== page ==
Stacks of shelves, repurposed. In the Hyde Park storefront at the intersection of 57th Street and Harper Avenue that formerly housed Southside Hub of Production, a cultural center, and before that O’Gara & Wilson—Chicago’s oldest bookstore before it moved to Indiana in 2013—now stands 57th Street Wines, the neighborhood’s newest small business: a specialty wine and liquor store. At the shop’s grand opening last Friday, distributors set up tasting tables on the store’s boldly checkered floor tiles (restored from the space’s bookstore days), while customers met and mingled, wine samples in hand. The trio behind the store, owner Steven Lucy and co-workers Bex Behlen and Derrick Westbrook, were present in their semi-formal best, directing customers to shelves not unlike the ones that held volumes of books less than four years ago. This time, their contents concerned neither genre nor author, but red and white .
57th Street Wines has only been open since December, but the idea behind it was conceived in 2015. Lucy, who also owns Open Produce—a grocery store in East Hyde Park—and co-owns Cornell Florists, began selling wine and beer at Open Produce around that time, an experience that inspired him and Behlen to expand their operation. When Lucy fortuitously came across the available 57th Street storefront after Southside Hub of Production moved out, they pounced.
Last year, Lucy approached 5th Ward Alderman Leslie Hairston to talk through the idea, prompting a community meeting in July that ultimately resulted in the go-ahead from the neighborhood for the wine undertaking. Support from local residents was key for Lucy.
“To me, that tells me that not only did the alderman support the liquor license, which was important to deal with, but that I hadn’t misread the community,” Lucy said. “The community really wanted us to be here, which is great. Because I don’t want to be here if people don’t want me to be here.”
Community as cornerstone is an attitude that has remained central in the establishment of 57th Street Wines. Lucy envisions the store as more than a place where people buy wine and leave, but where close interactions happen and relationships are formed.
“People come in and they don’t just feel like they exchange dollars for a bottle of wine, or exchange dollars for a piece of produce,” Lucy says. “They feel like they know their cashiers’ name and they have a personal people-to-people interaction and are not just cogs in the capitalist machine or whatever.”
Behlen, who’s been a manager at Open Produce for five years, says that she knows “about eighty percent of [the] faces” that come through the grocery store every day. Already, she says, she’s beginning to see the same happening at 57th Street Wines, despite it being open for only a month and a half.
It’s this congenial atmosphere that Lucy hopes will encourage customers to explore wine regardless of their level of prior expertise. Derrick Westbrook, the former wine guru at Michelin-starred restaurant Elizabeth who joined Behlen and Lucy in their venture as the store’s sommelier, aims to aid this exploration. His presence has added extensive wine knowledge to the enthusiast establishment, bolstering its aspirations as the neighborhood alcohol-educational watering hole with one-on-one guidance, regular tastings, and workshops that aim to get customers acquainted with more specialized areas of the liquor world.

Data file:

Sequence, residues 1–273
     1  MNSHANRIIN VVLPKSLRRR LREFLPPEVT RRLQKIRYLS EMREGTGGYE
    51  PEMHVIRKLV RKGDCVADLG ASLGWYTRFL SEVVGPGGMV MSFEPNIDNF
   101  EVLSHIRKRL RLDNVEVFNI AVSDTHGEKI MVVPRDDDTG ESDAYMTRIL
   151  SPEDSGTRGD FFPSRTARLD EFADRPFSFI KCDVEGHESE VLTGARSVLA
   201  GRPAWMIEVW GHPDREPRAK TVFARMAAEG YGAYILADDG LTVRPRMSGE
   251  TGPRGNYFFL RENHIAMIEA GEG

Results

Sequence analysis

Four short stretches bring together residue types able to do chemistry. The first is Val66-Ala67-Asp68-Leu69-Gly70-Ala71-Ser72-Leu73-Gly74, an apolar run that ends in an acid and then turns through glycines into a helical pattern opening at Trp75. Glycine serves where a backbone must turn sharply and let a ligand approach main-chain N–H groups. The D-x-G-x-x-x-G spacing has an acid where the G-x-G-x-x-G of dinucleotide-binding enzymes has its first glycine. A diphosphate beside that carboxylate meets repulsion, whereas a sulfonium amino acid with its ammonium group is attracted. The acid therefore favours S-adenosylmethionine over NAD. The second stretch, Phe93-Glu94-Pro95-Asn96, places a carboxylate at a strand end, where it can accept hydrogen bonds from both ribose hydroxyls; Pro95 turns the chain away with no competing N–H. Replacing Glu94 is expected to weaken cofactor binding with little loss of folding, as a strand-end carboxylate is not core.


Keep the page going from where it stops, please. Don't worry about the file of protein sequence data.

Despite these intentions, it’s difficult to divorce a specialty wine shop from its Euro-centric and upper-middle-class associations. Lucy remains adamant that the shop isn’t exclusionary, with most wines in the store’s “core” being priced between $8 and $50. “We’re not selling $3 bottles of Yellowtail,” Lucy said. “And with beer we have Ducati, we have Modelo, but we don’t have Natty Ice, or Budweiser. I just don’t have much interest in selling those things. I think there’s beer that’s a lot better that’s only a little bit more expensive. And I’d rather sell that.”
It’s a bid to keep 57th Street Wines as a purveyor of quality wine and beer, but without pretension and exclusivity. The careful balance between the two is perhaps maintained because the trio sees running the business as something ultimately rooted in fun. Behlen describes shopping at the store as “kind of more like going to a record shop than a grocery store.”
Westbrook’s contribution to the store has riffed off of this uniqueness, expanding the horizons of what people think wine is and should be. For him, a particular point of pride is being able to bring in and introduce wines by African-American winemakers. The latest edition in the store’s collaboration with the Promontory—a monthly wine and food pairing night called the Hyde Park Wine Society—centers on wines from African-American winemakers like Brown Estate and Other People’s Pinot (O.P.P.), which they also carry in-store.
“Whatever it is, whatever arena that you’re in, it’s always great to be around or you look to people who you can identify with,” Westbrook says. “The first African-American winemaker who I came into contact with…was Brown Estate. And I mean, awesome juice! It was just great wine. And I didn’t know that they were black winemakers until after the fact, so that was fun. Because there’s a stigma that I didn’t want to like them because I knew they were black-owned. I wanted to like them because their wine was good.”
Tasting good is the underlying standard of the bottles on 57th Street Wines’ shelves, but beyond that, Westbrook says the shop looks to the community for inspiration, taking suggestions and feedback, and trying as much as possible to get requested wines on their shelves. Ultimately, he says, “We want the store to look like the community. And the best way to do that is to bring in things that the community likes.”